• Energy Cloud
  • Policy and Regulation
  • Demand-Side Management
  • Grid Modernization

Will the Energy Cloud Be Realized by 2040?

Jessie Mehrhoff
Jan 17, 2020

Government 2

In a new white paper commissioned by CPower Energy Management, Guidehouse Insights, examines how decisions regarding the North American grid today will shape the future of energy transmission and distribution tomorrow. To understand how Guidehouse's Energy Cloud vision will be achieved, the white paper examines impactful actions by the US federal government in 2019, wholesale energy markets, and select states. The white paper provides recommendations for how distributed energy resource (DER) solutions providers and utilities should approach grid modernization in 2020.

The US Federal Energy Landscape

The US federal government plays a critical role in shaping the grid of 2040. Federal laws and policies serve as bedrock energy legislation. Guidehouse Insights finds that:

  • Renewables penetration continues to grow, driven largely by tax incentives, broadly supportive federal policies, and falling costs (specifically the cost of constructing solar PV systems). 
  • The Federal Energy Regulatory Commission Order 841 is a key development in storage entering US wholesale markets. However, delays by request of regional transmission organizations (RTOs) and independent system operators (ISOs) make it unclear as to when storage might join wholesale markets at scale.
  • Congressional lawmakers continue to push grid modernization through legislation, including the Grid Modernization Act, Better Energy Storage Technology Act, and Next Generation Electric Systems Act, to name a few.  
North American Regional Energy Landscape

North America is moving toward the integration of DER into wholesale markets, as these resources can provide capacity and ancillary services. The inclusion of DER in wholesale markets will result in:

  • New rules specific to DER technology types, especially when compared to the sale of centralized generation into wholesale markets. 
  • Regional geography and distinct market structures mean that each RTO/ISO will experience unique benefits and burdens when integrating DER. 
  • The lines between wholesale and state-level retail markets will blur, meaning that DER technology owners may receive stacked value for participating in both markets where rules permit such action.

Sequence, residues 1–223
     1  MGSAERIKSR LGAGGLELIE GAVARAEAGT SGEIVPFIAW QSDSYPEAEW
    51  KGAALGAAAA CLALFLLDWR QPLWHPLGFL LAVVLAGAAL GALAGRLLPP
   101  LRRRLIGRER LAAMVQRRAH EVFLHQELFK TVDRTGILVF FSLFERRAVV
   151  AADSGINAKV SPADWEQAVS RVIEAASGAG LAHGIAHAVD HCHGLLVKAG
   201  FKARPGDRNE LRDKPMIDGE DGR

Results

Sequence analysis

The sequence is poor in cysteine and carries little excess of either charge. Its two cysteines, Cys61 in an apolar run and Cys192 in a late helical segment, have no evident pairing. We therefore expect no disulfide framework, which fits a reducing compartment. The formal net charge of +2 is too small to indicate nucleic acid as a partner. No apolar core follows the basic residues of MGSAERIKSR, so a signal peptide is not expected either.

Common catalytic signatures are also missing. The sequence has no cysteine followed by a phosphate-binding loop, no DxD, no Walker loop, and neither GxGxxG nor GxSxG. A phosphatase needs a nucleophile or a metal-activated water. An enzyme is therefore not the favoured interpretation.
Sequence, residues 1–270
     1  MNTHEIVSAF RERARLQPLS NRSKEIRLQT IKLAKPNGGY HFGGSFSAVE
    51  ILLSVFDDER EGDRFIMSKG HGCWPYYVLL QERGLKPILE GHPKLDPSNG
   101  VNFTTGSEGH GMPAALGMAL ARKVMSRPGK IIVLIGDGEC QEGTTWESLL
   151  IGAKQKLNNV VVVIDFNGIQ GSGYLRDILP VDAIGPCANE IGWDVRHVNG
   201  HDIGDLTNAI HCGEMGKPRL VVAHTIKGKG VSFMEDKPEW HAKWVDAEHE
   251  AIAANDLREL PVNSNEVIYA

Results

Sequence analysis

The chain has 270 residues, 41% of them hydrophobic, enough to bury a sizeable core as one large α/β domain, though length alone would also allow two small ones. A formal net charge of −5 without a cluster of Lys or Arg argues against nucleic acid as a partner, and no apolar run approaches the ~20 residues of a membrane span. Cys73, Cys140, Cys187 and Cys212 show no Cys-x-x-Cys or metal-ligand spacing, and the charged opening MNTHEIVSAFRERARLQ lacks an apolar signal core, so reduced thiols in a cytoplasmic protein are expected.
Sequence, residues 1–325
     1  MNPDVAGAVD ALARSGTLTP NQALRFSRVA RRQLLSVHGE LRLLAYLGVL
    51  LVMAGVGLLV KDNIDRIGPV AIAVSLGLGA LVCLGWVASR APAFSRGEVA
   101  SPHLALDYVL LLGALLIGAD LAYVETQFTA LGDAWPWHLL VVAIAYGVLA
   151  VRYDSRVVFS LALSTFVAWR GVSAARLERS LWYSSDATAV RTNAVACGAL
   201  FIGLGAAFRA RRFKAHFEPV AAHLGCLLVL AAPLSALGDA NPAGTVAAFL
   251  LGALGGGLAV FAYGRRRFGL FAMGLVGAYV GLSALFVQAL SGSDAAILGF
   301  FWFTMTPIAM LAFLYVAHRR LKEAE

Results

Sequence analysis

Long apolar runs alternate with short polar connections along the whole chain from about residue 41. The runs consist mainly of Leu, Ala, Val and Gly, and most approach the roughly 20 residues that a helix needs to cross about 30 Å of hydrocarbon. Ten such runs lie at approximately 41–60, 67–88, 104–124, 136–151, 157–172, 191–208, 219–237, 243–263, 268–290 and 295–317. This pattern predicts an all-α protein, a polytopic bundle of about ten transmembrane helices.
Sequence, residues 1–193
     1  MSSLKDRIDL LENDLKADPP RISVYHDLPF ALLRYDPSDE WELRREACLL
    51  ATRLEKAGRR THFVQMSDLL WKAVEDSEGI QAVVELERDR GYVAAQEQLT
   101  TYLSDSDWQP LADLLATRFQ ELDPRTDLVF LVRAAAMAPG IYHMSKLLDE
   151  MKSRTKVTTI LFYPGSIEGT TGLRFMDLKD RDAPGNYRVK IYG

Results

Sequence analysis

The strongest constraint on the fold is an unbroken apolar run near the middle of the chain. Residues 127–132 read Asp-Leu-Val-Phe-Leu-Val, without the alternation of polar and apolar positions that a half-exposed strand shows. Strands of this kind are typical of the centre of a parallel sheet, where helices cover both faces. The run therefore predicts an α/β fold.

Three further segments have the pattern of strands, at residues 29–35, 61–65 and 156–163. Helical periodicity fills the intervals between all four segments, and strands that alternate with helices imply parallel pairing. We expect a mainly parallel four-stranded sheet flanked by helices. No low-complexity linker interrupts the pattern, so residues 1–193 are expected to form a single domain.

State-Level Energy Landscapes

Distinctions at the regional level may be magnified in state-by-state retail electricity markets. However, some trends will carry beyond 2020:

  • Clean or renewable energy targets are becoming more popular: As states set 100% and corresponding interim targets, regulators will need to work with utilities and solutions providers to bolster the penetration of distributed energy. 
  • Centralized generation is not going away in its entirety: This has been demonstrated by nuclear subsidies in states including (but not limited to) Illinois, New York, and Ohio. 
  • Energy efficiency serves to reduce negative climate impacts now: States such as New York and Pennsylvania actively rely on increasingly stringent efficiency and energy savings targets to reduce their states’ greenhouse gas emissions. 
What Does This Mean for the Energy Cloud Vision?

Are we on track to achieve Guidehouse’s Energy Cloud vision by 2040? I am optimistic. The white paper from CPower Energy Management and Guidehouse Insights demonstrates that trends remain strong toward clean, distributed, intelligent, and mobile energy. The impacts of these developments span across policies and regulation, technology, business models, and end customers. Such an overhaul means that there is still much work to be done. The white paper concludes with recommendations for energy suppliers and their customers. Contingency plans will be necessary, new and existing technologies must work seamlessly, and we must take advantage of the growing understanding of energy consumption habits. We’ll be better off if we prepare for the grid of the future today; 2040 will be here before we know it.